Every year I go through a phase where I want to buy ALL the bright and shiny new curriculum. Then every year I rediscover my eclecticism and realize what a waste spending all that money would be. This year I almost spent $70 on a reading curriculum for my daughter who is reaching school age. Then I decided to have confidence in my ability to do it myself. Last year, I bought some plain wooden letters from Amazon and we painted them together. I let her choose two colors, one for consonants, one for vowels. A friend gave me a couple of dollar store trays and I had some leftover play sand from setting up our hermit crab habitat. I also found a copy of McGuffy’s First Eclectic Reader for a couple of dollars at a used book store. When teaching a letter, I pull out a wooden letter then have her write it in the sand in one of the trays. My daughter taught herself to write using those wooden letters. She just picked up a pencil one day and started copying the letters. She would ask me how to spell a word and I would spell it out with the wooden letters and she would copy down whole sentences. Now we are slowing down and learning the sound of each letter and putting them together to help her sound out words. One of my other students is using the McGuffy’s reader to practice reading and also to learn writing in cursive. My biggest hurdle was teaching my dyslexic son to read and we shed many tears over all that curriculum I’d insisted on using back then. In the end, it wasn’t any particular curriculum he needed at all, he just needed to slow way down and practice each letter until it was written well. The key here is to never spend too long on a lesson, 5-10 minutes is good but never more than 20 and any time a child is showing me they are getting frustrated, we put it aside and come back to it another day. While my daughter is learning to read and write at age 5, my son did not master it until he was 9. He reads and writes very well now and I never regret tossing the curriculum and slowing down to meet him where he was. Every child is different. I can’t tell you how much I’ve panicked at times, wondering if I’m doing enough, teaching enough, if they’ll grow up and be prepared for college or whatever route they choose. Every homeschooler I know has gone through this, even the most seasoned of us. Learning to trust ourselves and our students and watching the fruits of our work as they unfold makes it all worth it.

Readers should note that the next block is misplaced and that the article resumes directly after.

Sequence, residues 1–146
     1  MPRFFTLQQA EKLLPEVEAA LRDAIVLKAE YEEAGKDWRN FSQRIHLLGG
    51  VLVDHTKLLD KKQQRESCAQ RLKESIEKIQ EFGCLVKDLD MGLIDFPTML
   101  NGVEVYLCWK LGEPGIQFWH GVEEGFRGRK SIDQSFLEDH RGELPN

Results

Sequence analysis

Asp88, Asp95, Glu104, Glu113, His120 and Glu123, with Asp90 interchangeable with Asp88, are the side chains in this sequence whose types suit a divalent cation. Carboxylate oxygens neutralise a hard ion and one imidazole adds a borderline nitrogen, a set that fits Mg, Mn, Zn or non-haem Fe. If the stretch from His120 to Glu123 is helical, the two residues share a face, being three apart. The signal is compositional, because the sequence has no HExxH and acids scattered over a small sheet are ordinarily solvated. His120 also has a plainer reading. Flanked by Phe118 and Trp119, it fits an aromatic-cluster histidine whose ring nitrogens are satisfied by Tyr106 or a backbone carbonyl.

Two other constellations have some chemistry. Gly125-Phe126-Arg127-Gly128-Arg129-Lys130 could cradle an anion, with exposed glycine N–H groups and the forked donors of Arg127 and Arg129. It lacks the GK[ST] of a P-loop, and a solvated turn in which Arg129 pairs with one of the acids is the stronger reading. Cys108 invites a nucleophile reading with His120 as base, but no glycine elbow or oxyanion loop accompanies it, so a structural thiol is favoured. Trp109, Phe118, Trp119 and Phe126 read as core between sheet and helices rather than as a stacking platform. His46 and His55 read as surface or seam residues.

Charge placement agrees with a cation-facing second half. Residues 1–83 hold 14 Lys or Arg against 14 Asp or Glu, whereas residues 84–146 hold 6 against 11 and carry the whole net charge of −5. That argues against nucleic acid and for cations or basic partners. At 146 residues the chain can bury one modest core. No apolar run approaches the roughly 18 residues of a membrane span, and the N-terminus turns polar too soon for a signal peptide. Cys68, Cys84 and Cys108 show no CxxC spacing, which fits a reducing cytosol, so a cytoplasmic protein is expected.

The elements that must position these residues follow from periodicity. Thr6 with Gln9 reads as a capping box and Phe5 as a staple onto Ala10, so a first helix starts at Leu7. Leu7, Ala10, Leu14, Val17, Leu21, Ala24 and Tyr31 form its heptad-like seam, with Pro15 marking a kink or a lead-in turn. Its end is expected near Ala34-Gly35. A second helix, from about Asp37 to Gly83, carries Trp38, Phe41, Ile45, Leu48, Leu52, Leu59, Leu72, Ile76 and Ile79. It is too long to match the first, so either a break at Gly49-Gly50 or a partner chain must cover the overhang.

If you do still prefer to use a curriculum, I know how overwhelming it can get to choose one. There are a plethora of options out there. There are numerous methods as well. Some methods include Montessori, Charlotte Mason, Classical, and radical unschooling like we do. If you want to explore curriculum options, check out https://cathyduffyreviews.com where you’ll find reviews of a majority of curriculum available. If you’re interested in exploring the methods mentioned, I can recommend several books. For Montessori: The Absorbant Mind by Maria Montessori, Montessori from the Start by Paula Polk Lillard, and Creating Innovators by Tony Wagner. Charlotte Mason: For the Children’s Sake by Susan Schaeffer McCaulay, A Charlotte Mason Companion, and the collection of books written by Charlotte Mason herself starting with Home Education. Classical: The Well-Trained Mind by Jessie Wise and Susan Wise Bauer. Unschooling: Learning All the Time and Teach Your Own by John Holt (and anything else by him), anything by Alfie Kohn but my favorites are Unconditional Parenting, The Homework Myth, and Schooling Beyond Measure; Free to Learn by Peter Grey, and Dumbing Us Down John Taylor Gatto. Other books I’ve heard recommended often but haven’t read yet include: The Brave Learner by Julie Bogart and The Call of the Wild and Free by Ainsley Armant.
I’m a homeschool mom of two, ages 11 and 5. We’ve been homeschooling from the beginning for 6 years and our preferred method is unschooling with a Charlotte Mason twist. I love homeschooling for the freedom it gives us and because I enjoy learning alongside my kids. Our favorite ways to indulge our interests are by exploring the world around us, doing experiments and activities, talking to people who are passionate about their fields, and reading well written books. I believe so much in what we do, I’ve kept it through divorce and now working full time from home. It’s my hope to continue our journey until college or whatever next step my kids choose to take.
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